Lavender and More
Unfortunately the farm was sold in 2018 and these wonderful plants are no longer there. We still make and sell all our natural skin care products using the essential oil and hydrosol we produced at the farm over 13 years it operated.
Looking to the future, when the time is right we will start growing again.
Nestled in Ontario’s beautiful farm land, we grow 10 different varieties of Lavender for our natural products, each grown for their own individual characteristics and fragrances: Lavandula Augustifolia (true lavender), Buena Vista, Sachet, Maillette, Royal Velvet, Twickle Purple, Hidcote, Martha Roderick, Munstead, and Lavandula x intermedia (Lavandin), Provence & Grosso.
We also grow other medicinal and aromatic plants for essential oil:
Monarda, commonly known as horsemint, bee balm, or wild bergamot, belongs to the mint family, Lamiaceae (Labiatae). The genus was named for Nicolás Monardes, a Spanish physician and botanist.
Lemon balm (Melissa officinalis) also known as balm or balm mint and not to be confused with bee balm (which is genus Monarda), is a perennial herb in the mint family Lamiaceae (Labiatae), native to center-southern Europe and the Mediterranean region.
Orange mint (Menta aquatica ‘Citrata’) is treasured for its very special fragrance. Its hint of citrus is tantalizing in fruit punches, teas and potpourris. The oil is an ingredient in chartreuse and perfumes.
This beguiling mint has a spearmint flavour with a strong grapefruit overtone. A hybrid of Mentha suaveolens and M. x piperita, grapefruit mint (Mentha x piperita ‘Grapefruit’) startles the taste buds with a truly unique, unsweetened grapefuit taste that marries well with fruit salads.
Calendula (Calendula officinalis) flower petals give delicate flavour and strong colour to salads, omelettes and cheese, and is used as a saffron substitute for rice. Invaluable in first-aid skin lotions and ointments.
Chamomile is one of the most popular herbs in the Western world. There are two plants known as chamomile: the more popular German chamomile (Matricaria recutita) and Roman, or English, chamomile (Chamaemelum nobile). Although they belong to different species, they are used to treat the same health problems. Both are used to calm frayed nerves, to treat various stomach problems, to relieve muscle spasms, and to treat skin conditions and mild infections.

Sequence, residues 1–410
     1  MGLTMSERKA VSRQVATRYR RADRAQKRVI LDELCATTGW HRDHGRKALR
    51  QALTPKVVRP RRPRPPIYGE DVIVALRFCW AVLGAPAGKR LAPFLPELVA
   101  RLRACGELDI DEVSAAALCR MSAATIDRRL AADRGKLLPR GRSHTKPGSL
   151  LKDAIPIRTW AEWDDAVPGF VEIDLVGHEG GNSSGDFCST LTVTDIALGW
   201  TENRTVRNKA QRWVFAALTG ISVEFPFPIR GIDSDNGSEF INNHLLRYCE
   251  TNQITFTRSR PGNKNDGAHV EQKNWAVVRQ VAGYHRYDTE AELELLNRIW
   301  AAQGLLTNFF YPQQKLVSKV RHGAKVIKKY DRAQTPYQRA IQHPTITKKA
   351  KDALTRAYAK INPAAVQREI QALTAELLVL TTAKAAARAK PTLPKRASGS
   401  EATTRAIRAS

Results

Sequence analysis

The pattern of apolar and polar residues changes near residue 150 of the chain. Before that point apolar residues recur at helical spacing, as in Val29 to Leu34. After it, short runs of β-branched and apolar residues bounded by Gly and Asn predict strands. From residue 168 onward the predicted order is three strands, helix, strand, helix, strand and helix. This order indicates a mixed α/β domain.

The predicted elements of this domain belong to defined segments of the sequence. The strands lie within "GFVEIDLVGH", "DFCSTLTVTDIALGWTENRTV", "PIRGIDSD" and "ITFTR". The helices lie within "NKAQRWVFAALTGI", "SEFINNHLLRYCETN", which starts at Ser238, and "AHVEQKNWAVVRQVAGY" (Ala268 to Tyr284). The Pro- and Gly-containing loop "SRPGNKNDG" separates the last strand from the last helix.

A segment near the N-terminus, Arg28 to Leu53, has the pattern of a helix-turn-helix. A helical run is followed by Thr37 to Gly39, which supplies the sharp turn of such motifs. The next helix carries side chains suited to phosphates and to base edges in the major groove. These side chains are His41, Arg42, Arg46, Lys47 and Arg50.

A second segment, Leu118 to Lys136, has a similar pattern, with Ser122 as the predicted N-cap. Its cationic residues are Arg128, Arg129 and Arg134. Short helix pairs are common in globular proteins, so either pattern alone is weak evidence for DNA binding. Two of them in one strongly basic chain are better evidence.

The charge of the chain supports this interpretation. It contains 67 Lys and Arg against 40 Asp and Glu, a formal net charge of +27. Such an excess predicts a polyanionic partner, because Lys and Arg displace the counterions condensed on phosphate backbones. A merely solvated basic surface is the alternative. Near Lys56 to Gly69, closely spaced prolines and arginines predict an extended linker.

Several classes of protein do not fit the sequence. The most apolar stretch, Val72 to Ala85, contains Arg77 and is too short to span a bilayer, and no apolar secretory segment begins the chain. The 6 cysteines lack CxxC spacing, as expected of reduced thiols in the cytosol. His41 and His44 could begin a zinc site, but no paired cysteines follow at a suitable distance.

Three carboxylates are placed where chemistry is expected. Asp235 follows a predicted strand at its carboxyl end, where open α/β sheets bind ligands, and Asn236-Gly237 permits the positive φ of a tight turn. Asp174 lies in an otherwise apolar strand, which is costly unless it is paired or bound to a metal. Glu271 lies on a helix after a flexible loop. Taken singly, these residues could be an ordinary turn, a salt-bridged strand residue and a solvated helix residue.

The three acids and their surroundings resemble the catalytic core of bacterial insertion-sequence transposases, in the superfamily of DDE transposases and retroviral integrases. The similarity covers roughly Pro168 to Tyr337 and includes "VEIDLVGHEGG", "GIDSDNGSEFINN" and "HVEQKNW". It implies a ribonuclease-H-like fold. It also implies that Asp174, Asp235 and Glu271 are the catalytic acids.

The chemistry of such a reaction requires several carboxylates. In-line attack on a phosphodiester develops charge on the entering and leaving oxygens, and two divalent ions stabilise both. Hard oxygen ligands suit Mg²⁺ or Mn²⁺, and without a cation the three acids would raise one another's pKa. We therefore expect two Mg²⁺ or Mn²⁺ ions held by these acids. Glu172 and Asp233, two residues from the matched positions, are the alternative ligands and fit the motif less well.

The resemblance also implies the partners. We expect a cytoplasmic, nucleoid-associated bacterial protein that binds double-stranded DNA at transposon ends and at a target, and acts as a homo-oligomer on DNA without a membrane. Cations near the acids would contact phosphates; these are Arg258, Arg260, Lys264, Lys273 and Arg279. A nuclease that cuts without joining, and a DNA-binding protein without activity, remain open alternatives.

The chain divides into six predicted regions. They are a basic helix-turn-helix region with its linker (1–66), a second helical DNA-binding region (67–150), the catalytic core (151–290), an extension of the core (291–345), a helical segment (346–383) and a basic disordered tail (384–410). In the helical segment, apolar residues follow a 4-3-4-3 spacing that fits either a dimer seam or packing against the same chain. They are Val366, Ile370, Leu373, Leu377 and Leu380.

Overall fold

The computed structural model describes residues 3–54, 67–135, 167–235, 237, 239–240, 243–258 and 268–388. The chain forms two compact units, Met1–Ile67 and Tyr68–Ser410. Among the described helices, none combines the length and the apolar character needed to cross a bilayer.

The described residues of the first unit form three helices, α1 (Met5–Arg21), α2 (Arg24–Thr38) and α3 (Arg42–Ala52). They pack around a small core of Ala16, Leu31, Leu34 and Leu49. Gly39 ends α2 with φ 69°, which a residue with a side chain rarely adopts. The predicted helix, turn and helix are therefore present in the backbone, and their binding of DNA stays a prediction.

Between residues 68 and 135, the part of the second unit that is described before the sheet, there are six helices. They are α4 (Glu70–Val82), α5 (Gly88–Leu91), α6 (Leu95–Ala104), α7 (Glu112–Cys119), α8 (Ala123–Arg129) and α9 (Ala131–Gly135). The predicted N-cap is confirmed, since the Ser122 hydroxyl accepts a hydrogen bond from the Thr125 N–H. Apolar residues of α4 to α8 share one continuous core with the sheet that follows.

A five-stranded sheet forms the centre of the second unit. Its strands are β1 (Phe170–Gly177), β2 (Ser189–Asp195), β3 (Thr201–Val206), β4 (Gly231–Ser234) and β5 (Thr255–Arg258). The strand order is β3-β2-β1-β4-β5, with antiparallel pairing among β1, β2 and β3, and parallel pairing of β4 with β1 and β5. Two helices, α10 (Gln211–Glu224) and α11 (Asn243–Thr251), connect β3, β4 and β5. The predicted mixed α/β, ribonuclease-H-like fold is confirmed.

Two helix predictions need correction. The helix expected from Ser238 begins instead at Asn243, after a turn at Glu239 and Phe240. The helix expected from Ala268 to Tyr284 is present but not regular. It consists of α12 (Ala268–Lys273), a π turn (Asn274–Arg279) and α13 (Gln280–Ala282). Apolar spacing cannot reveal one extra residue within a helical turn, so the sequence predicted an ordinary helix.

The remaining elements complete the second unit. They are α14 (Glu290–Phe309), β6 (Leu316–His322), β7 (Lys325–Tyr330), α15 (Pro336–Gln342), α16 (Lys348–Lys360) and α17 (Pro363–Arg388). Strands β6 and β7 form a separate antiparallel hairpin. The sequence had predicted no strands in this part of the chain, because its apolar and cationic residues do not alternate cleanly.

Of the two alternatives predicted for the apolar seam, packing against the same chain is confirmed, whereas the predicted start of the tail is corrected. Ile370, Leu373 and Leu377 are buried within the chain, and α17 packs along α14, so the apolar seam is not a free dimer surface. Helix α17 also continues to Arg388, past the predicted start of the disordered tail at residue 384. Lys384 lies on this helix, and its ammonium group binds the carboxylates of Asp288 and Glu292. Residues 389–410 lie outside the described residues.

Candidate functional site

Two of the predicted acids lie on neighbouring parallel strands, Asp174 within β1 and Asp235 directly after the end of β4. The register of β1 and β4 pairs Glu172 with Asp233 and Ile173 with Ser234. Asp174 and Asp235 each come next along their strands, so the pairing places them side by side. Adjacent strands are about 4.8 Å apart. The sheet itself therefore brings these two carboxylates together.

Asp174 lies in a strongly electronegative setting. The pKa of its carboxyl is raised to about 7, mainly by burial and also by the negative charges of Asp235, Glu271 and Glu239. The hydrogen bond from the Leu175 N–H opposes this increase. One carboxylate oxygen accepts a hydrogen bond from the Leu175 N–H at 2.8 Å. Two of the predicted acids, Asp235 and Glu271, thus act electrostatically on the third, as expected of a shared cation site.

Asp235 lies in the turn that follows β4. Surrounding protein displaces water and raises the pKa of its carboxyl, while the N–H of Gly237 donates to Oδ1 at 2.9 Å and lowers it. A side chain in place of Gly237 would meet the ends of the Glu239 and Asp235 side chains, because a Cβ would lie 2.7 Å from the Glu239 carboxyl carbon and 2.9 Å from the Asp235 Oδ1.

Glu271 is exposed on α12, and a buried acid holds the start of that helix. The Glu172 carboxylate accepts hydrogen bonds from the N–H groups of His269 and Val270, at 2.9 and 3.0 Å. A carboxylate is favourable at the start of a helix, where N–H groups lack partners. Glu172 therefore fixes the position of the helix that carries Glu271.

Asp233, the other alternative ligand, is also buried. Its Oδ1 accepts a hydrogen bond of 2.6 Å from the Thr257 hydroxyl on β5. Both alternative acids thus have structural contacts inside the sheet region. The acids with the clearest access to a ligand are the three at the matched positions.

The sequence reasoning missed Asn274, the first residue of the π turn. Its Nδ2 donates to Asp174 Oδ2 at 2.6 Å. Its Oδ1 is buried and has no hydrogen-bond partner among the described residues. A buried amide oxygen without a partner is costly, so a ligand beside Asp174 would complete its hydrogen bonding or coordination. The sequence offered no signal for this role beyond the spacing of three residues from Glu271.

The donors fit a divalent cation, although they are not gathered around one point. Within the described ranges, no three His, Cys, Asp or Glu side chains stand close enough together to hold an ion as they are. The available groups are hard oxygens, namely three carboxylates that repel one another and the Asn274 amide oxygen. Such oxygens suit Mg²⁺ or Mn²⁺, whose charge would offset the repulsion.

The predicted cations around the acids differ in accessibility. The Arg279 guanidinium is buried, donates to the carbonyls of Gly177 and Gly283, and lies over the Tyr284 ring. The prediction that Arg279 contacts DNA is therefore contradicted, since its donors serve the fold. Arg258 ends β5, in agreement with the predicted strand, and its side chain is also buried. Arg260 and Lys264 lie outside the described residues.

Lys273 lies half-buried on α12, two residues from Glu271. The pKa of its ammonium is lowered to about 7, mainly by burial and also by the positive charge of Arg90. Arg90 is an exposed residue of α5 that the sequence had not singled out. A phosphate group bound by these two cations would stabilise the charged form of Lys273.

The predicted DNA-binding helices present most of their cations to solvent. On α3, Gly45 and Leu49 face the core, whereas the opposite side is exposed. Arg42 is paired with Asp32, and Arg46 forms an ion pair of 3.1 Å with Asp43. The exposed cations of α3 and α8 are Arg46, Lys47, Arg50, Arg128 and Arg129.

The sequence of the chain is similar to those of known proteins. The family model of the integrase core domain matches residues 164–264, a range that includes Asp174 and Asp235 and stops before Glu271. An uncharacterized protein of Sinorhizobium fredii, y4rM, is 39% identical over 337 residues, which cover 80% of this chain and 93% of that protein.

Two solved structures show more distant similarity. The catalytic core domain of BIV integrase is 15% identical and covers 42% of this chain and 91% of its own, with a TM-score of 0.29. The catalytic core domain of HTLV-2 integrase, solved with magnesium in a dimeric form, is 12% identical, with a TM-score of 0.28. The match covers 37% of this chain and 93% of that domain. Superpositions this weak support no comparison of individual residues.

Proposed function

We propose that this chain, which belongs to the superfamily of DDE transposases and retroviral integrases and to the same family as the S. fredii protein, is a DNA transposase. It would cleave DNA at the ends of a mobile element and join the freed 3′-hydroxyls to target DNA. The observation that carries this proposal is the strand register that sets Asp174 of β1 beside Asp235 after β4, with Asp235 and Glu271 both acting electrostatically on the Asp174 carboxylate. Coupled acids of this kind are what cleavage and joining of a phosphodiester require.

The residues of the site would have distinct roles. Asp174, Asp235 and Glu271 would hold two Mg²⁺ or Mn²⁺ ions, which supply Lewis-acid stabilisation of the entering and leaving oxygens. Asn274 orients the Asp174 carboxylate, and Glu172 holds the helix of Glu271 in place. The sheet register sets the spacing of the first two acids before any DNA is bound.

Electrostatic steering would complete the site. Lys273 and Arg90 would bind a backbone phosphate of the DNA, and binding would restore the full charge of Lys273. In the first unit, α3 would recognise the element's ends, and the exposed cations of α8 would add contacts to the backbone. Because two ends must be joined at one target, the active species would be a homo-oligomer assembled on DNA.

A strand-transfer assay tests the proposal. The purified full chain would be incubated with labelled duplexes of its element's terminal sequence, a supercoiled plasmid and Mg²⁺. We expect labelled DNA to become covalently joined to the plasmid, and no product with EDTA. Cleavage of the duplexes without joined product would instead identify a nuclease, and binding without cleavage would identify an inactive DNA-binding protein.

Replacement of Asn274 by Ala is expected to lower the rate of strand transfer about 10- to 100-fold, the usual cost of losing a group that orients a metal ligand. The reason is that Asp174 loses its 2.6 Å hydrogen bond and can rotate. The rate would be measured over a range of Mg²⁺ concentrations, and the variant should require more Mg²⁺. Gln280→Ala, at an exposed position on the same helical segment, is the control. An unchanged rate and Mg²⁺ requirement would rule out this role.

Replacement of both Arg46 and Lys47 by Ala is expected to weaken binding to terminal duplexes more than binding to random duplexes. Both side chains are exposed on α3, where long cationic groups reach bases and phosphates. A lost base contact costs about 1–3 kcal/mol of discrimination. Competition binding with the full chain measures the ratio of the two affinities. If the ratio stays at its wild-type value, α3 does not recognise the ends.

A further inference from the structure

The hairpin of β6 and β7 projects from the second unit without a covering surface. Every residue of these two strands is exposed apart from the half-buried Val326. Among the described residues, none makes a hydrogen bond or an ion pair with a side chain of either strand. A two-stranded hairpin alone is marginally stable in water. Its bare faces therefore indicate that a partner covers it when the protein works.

The flowers are borne in paniculate flower heads (capitula). The white ray florets are furnished with a ligule, while the disc florets are yellow. The hollow receptacle is swollen and lacks scales. This property distinguishes German chamomile from corn chamomile (Anthemis arvensis), which has a receptacle with scales. The flowers bloom in early to midsummer, and have a strong, aromatic smell.
Highly fragrant, early flowering form of hyssop (Hyssopus officinalis). The plant is commonly used by beekeepers to produce a rich and aromatic honey. Herb hyssop leaves are used as an aromatic condiment. The leaves have a lightly bitter taste due to its tannins, and an intense minty aroma. Due to its intensity, it is used moderately in cooking. The herb is also used to flavor liqueur, and is part of the official formulation of Chartreuse. Will flower the first season if sown early enough (Feb-Mar). Excellent dry flower arrangements.
Coriander (Coriandrum sativum) is a variety grown for its seeds. Seeds add fresh, spicy flavour to soups and stews. Main ingredient in chili sauces, curries and exotic dishes. Coriander essential oil is distilled from the seeds, dry fruit or dhania of the plant. Coriander refers specifically to the seeds of the plant where as Cilantro or Chinese Parsley really refers to just the leaves.
The benefits of coriander are well documented and the medicinal uses of the seeds go back to Ancient Egypt and China. The Chinese have used coriander for hernias, dysentery, measles and nausea.
*Annuals, not always grown every year.